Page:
Increasingly, building information modeling (BIM) is becoming a mandatory requirement for large-scale projects in the AEC industry. BIM, however, does not come with a manual. There are many questions about this rather complex concept. A wide range of misconceptions can arise as each question has multiple answers.
The Brief History of BIM
Despite being used since the early 90s, BIM’s early stages were dampened by the recession. In recent years, it has taken off after reversing a downward trend during the recession. CAD users often perceive BIM as something new and frightening because it was more of a late bloomer than a platform that has been around for a long time.
It is essentially a form of 3D modeling and design software. A global architectural firm like Gensler, which designed the Shanghai Tower, is committed to BIM. The design process of that project met with several tight constraints, all of which required fast and efficient modeling and analysis of different systems.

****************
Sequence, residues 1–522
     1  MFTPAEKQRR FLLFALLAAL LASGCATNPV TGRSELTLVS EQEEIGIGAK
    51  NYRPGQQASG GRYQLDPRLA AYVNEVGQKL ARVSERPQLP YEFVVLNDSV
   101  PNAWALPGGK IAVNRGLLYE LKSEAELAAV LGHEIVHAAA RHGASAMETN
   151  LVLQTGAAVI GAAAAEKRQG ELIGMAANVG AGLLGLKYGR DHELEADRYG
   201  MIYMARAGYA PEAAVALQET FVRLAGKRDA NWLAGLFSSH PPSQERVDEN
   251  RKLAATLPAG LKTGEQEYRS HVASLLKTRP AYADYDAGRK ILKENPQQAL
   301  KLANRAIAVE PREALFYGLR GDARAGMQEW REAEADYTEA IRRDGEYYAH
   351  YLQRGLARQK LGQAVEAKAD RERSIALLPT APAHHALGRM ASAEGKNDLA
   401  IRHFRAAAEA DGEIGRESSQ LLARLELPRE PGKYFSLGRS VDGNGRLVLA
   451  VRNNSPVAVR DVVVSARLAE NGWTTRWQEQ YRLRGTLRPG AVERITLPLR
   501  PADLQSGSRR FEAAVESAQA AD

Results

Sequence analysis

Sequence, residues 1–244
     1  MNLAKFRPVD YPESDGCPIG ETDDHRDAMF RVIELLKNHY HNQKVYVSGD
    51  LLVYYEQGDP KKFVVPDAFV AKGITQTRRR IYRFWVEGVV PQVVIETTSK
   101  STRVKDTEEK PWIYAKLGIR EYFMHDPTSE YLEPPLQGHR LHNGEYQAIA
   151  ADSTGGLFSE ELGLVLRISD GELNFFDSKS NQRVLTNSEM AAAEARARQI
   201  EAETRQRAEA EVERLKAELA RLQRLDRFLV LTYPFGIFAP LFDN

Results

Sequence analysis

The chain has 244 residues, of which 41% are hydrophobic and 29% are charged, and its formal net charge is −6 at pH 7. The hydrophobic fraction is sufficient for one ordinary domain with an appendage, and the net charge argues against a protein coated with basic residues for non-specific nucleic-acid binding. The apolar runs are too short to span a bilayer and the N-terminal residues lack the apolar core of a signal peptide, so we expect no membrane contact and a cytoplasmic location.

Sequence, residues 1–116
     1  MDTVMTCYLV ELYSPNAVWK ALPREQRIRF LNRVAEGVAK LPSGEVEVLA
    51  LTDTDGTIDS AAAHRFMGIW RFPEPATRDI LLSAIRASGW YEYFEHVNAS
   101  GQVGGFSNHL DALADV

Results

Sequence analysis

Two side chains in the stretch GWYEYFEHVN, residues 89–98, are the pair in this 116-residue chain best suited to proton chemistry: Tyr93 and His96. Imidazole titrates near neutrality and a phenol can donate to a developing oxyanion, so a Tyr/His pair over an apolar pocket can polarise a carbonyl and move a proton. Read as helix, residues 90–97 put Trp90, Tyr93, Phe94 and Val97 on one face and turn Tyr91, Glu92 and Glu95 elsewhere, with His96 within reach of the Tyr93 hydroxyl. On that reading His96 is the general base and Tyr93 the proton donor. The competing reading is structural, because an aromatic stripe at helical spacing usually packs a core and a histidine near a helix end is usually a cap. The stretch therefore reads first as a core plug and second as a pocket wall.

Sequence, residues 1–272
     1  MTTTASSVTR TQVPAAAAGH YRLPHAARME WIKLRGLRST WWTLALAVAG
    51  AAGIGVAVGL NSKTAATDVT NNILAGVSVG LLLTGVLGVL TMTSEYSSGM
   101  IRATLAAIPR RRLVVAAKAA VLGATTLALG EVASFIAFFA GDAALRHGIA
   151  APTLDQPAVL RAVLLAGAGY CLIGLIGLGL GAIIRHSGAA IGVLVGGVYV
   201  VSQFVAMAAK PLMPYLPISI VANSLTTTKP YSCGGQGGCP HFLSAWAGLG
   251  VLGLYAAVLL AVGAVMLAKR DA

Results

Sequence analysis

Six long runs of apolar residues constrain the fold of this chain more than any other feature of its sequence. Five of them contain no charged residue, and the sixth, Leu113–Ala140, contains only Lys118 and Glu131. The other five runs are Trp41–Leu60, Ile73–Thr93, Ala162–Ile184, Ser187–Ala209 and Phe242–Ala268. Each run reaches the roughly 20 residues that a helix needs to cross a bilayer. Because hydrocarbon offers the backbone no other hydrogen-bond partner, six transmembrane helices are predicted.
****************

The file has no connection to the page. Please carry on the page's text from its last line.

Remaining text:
A concerted effort is being made by Gensler to integrate BIM processes across all practice areas. BIM technology uses in every field and office, but the rate of adoption varies.
The BIM Uses
While the firm promotes BIM to its clients, emphasizing its use for a holistic view of the built environment, sometimes there is resistance from clients who are unfamiliar with BIM.
Technology has changed a lot since then. Taking a model-based approach along with a work process brings to light the possibilities. Defining BIM can be tricky because its purpose is not always clear.
Published By Arka Roy www.bimoutsourcing.com